NaMo modifies crony politics. Can he cure BJP of crony socialism?
By Shankkar Aiyar | Published: 15th September 2013 07:20 AM |
How do you uproot rootless wonders? This question has haunted the RSS since 2004. On Friday, the high priests of the Sangh Parivar anointed an individual as the solution for an institutional crisis and crowned Narendra Modi as the ‘Karta’ of its political entity. In one swoop, virtually the entire pantheon of revisionists was rendered irrelevant. At least for now. Unsurprisingly, there was bickering, the parade of ‘ifs’ and ‘buts’, and resistance from the entrenched. The choice before RSS was binary—polarisation or a multi-polar disintegration of the party.
For the jubilant cadre, NaMo—the preferred sobriquet—promises relevance. A polarising figure haunted by questions, Modi also presents the promise of a competitive model of growth and governance. Doubtless, NaMo has Modified the cult of crony politics within the BJP. The challenge for him is to find his voice to forge an ideological identity for the party. Can Modi rid the BJP of the tag of B-Team, of being a cohort of the Congress? Can he end the truce on crony socialism that sponsors vote-bank politics?
India’s political economy is essentially split in five quintiles/groups. The bottom three quintiles are occupied by those eking out a living and those struggling to exist. These, the voting masses, are vulnerable to the lure of exchange offers—entitlements for votes, a la political capital. The top quintile is occupied by the self-sufficient, and those who extract rent and fund the business model of politics. Sandwiched betwixt is the middle class—not entitled to entitlements and lacking the muscle to wrench rent—hurting the most from inflation, loss of savings, jobs, income and sliding growth.
India’s growth story is stranded in the quagmire of this political model. The quest for welfare must be backed by growth. Without growth, politicians will only distribute poverty. This thesis though is not an article of reigning faith. The current economic crisis is a product of politics. The cohabitation of corruption and high inflation fuelled by profligacy is the outcome of crony capitalism and crony socialism. Unless the model of governance is restructured and profligacy shackled, savings will fall further, investment will be an occasional tourist, and India’s growth story cannot be revived.
Modi’s calling card and lure has been his allegiance to growth and governance, albeit with caveats about socio-cultural context and history of entrepreneurship. The hosannas are not just about industry. Gujarat has promoted agricultural growth through investments in irrigation, assured power and technical advice to farmers. He has also inducted technology—use of satellite mapping for fishermen, for conservation and restoration of water bodies, promoted innovation in renewable energy. Gujarat has enabled the setting up of the first skills training university. And profligacy is not an accusation hurled often at Modi.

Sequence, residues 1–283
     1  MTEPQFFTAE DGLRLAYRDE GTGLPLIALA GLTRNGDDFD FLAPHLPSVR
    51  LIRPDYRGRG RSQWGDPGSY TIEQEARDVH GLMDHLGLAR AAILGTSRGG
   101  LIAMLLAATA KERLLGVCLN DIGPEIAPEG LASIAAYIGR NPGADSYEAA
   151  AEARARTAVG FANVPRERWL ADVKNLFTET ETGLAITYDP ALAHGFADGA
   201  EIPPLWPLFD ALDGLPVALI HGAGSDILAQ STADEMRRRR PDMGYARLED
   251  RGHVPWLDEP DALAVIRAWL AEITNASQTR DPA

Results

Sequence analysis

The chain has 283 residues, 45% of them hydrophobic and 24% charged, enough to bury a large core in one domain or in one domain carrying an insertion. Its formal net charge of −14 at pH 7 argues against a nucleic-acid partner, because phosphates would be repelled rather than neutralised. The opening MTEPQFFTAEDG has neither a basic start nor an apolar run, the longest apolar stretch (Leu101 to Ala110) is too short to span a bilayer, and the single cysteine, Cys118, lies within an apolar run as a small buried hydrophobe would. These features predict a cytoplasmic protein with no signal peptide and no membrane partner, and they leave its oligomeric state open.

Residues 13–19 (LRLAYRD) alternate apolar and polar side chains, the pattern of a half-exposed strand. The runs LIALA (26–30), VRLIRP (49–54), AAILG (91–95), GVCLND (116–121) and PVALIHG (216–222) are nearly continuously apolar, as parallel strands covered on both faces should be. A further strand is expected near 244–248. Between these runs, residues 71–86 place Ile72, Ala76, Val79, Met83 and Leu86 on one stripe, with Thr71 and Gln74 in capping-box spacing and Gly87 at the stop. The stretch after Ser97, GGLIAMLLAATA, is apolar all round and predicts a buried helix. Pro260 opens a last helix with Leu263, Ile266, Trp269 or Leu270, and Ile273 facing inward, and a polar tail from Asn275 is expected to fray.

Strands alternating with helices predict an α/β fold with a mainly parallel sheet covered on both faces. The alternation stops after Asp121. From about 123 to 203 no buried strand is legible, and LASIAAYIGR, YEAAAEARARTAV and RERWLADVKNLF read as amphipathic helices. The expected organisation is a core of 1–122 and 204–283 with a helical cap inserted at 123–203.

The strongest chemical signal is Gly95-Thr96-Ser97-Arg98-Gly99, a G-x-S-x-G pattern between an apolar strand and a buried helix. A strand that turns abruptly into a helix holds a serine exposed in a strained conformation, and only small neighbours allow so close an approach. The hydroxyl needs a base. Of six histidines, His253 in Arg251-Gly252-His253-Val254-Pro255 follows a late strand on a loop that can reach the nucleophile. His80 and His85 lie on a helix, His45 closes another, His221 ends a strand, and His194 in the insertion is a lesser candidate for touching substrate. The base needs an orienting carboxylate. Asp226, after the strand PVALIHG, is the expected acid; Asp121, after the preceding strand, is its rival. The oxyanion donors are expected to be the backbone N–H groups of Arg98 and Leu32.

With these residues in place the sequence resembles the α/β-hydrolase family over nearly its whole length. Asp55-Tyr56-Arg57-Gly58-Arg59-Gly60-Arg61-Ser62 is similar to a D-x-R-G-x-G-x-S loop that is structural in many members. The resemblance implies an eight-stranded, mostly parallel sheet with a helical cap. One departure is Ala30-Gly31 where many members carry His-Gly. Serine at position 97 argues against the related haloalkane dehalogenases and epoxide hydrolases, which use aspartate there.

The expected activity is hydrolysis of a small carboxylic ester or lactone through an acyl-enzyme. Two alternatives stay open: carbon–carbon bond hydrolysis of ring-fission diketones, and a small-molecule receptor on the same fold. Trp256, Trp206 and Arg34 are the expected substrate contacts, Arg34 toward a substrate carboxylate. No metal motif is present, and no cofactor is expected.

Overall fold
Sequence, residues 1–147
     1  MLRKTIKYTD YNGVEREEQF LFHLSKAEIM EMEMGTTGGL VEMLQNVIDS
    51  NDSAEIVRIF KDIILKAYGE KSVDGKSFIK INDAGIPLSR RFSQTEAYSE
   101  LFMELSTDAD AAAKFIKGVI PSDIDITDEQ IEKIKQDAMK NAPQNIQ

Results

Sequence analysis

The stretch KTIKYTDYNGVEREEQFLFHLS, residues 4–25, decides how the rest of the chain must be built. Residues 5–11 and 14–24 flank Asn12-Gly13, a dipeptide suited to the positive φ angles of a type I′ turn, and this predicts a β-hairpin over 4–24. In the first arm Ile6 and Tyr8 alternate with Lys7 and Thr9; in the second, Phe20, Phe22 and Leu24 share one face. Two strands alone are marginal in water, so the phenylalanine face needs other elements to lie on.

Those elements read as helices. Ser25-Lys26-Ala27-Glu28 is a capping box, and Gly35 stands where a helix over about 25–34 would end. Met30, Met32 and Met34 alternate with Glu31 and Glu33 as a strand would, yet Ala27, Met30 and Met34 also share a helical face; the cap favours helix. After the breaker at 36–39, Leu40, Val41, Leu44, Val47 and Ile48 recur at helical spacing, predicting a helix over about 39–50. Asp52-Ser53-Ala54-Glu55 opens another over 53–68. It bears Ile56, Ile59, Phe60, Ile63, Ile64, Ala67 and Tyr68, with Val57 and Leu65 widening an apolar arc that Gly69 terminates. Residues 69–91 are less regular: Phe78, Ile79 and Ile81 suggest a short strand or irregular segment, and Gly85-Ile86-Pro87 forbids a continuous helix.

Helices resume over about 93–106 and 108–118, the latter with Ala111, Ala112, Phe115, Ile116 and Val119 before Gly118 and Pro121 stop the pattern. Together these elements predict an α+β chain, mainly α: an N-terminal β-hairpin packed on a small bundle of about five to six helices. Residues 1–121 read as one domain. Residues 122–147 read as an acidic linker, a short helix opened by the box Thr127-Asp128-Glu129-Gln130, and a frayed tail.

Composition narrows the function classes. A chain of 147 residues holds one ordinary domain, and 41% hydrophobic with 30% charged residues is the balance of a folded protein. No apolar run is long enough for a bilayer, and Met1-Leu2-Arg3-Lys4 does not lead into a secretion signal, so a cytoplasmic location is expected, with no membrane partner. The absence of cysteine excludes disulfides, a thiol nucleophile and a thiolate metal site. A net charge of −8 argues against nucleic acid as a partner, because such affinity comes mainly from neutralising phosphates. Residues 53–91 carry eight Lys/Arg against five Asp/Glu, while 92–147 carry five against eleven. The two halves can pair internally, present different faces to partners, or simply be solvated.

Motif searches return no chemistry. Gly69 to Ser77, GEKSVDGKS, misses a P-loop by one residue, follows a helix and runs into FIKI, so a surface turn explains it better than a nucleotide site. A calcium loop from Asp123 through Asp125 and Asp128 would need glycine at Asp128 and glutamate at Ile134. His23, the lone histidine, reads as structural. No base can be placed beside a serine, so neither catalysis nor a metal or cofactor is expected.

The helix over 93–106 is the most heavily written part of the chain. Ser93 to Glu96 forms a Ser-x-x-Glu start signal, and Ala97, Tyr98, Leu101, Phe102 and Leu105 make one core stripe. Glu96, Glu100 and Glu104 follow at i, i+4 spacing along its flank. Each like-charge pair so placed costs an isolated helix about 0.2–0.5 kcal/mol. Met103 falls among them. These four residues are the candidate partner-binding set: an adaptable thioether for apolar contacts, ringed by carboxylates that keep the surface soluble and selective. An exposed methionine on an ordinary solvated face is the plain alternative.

His party, however, it would seem, is in alliance with profligacy. It has been party to the enlargement of crony socialism—expansion of outlays with dubious outcomes. The BJP did not object to MGNREGS or its expansion. It did not question the loan-waiver in 2008. It failed to question the scope and timing of the Food Security Bill. It also voted for a land acquisition legislation that threatens industrialisation and could end up promoting the interests of politically connected aggregators. At least the Congress is unapologetic about populism, even if in the guise of inclusive growth. The BJP dissented on populism in TV studios and voted with Congress in Parliament.
Thus far, the Modi effect has not affected the thinking of his party. In any democracy, the contest is about ideas. The challenge for governments is to enable growth and balance the distribution of pain and gain. Fact is, on most fundamental issues concerning the political economy, the BJP holds a contextually convenient view. On FDI, it mostly echoes what the Congress said while in Opposition during the NDA regime. It has outraged on inflation but is yet to present an alternate view on subsidies. Would it ‘nationalise’ the Parrikar model on fuel taxes? When in power, the BJP drove an aggressive privatisation programme. In Opposition, it has been mute witness to the scandalous management of PSUs.
Modi has his task cut out. First, he must cure the party of its serious identity crisis. The BJP cannot mimic the Congress and hope to be the BJP. In the ultimate analysis, good governance is about efficient allocation of resources and equitable distribution of returns. It is true that growth sans democratic equity is not sustainable. It is also true that equity without growth is not sustainable. To be a real alternative to the Congress, the BJP must declare what it stands for.
Growth is not just about surplus and deficits. Growth is also dependent on governance. Modi has often spoken about minimum government and maximum governance. It is no secret that the largest departments at the Centre are those which are state subjects—rural development, agriculture, tribal welfare etc. Modi has also emphasised the need for decentralisation. Does this mean dismantling of the many proxy ministries at the Centre?
Modi has the opportunity to articulate a vision about the economy and about the structure of governance. He must get the party to subscribe to it and make a public offer to the voters. His allure to the young and the aspiring classes affords an opportunity for a reboot in economic thinking—from crippling entitlement to empowering growth.
Shankkar Aiyar is the author of Accidental India: A History of the Nation’s Passage through Crisis and Change